Yep, elections have consequences and after years of hyper capitalism and oversight-free marketeerism, the Big Wigs in Washington are starting to think bigger isn’t always better for the consumer.
This week Rolling Stone reports that lawmakers have asked the Department of Justice to review the merger between live event ticketing mega-giant Ticketmaster and event promoter Live Nation.
The proposed merger would find Ticketmaster, the nation’s biggest ticketing service and owners of Front Line Management and secondary ticketing site TicketsNow, joining up with Live Nation, America’s biggest concert producer. Live Nation, which also owns dozens of amphitheatres and has inked 360 deals with artists like Madonna and Jay-Z, launched their own ticketing service late last year in a move that was expected to create competition in the ticketing market. Instead, the two companies quickly began talks to merge, announcing plans to create a joint company called Live Nation Ticketmaster in February 2009.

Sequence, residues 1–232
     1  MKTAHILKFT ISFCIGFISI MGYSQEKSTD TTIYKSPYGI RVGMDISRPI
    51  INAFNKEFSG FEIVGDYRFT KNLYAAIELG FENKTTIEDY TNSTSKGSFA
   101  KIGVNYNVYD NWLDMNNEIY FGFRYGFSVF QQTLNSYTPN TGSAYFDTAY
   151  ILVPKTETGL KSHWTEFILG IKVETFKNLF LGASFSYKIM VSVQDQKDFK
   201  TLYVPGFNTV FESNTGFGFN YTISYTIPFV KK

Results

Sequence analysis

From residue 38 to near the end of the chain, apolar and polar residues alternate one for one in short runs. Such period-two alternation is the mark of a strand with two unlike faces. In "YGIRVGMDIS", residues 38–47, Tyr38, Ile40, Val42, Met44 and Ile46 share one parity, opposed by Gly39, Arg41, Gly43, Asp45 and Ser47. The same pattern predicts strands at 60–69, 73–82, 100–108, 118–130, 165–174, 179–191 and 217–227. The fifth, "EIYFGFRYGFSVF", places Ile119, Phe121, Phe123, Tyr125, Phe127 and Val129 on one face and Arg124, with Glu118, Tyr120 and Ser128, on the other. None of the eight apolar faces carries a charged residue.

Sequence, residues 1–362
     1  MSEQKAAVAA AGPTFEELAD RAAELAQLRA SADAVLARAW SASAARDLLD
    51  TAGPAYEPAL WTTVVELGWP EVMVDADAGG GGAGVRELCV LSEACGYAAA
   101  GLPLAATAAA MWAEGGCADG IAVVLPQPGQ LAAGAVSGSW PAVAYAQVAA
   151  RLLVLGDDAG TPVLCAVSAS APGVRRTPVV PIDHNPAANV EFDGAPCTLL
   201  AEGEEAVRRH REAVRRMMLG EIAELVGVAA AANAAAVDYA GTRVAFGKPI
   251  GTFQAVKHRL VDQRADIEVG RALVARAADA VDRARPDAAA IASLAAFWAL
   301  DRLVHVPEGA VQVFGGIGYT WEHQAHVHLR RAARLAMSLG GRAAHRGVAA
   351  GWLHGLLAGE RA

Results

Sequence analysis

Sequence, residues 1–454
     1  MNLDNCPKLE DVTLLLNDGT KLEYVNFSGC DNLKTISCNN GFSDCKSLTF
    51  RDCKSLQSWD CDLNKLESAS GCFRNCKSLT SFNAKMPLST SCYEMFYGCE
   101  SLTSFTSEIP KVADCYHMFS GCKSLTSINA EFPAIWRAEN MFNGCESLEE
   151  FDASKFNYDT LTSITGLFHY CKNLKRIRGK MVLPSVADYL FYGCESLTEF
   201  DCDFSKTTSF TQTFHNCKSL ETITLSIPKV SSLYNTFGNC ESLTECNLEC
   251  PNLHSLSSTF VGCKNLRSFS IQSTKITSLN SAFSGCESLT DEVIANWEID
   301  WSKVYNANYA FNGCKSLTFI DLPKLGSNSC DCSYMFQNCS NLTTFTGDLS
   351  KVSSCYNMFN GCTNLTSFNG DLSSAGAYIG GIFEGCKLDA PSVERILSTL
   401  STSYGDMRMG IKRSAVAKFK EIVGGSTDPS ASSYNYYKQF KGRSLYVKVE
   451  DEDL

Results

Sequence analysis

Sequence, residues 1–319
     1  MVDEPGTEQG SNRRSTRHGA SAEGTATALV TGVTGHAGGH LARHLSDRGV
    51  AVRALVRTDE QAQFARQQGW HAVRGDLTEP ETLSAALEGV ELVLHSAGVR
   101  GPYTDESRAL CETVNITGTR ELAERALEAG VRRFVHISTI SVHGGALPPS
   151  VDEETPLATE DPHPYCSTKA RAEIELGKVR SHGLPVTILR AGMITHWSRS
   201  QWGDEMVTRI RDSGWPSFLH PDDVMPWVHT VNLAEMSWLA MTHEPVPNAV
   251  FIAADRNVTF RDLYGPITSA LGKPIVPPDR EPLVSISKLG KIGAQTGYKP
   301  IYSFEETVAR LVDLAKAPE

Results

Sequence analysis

For some reason, Senators think that an expansion of an already shitty ticketing service with the nation’s largest concert promoter might be a bad thing for music fans. Go figure…
The cornerstone of the free market system is that competition will result in better services and lower charges for the consumer. That Ticketmaster is once again eating its competition seems to be a concern for lawmakers.
“Our concerns are heightened by the fact that Live Nation recently entered into the ticketing business to compete with Ticketmaster. This needed competition will be lost if this merger is completed,” [Senator Herb Kohl of Wisconsin, the Chairman of the Antitrust, Competition Policy and Consumer Rights Subcommittee wrote in February after the merger was announced.] “What does Live Nation’s decision to merge with its competitor rather than fight it in the market tell us about any company’s ability to compete with Ticketmaster? If Live Nation can’t compete, who can?”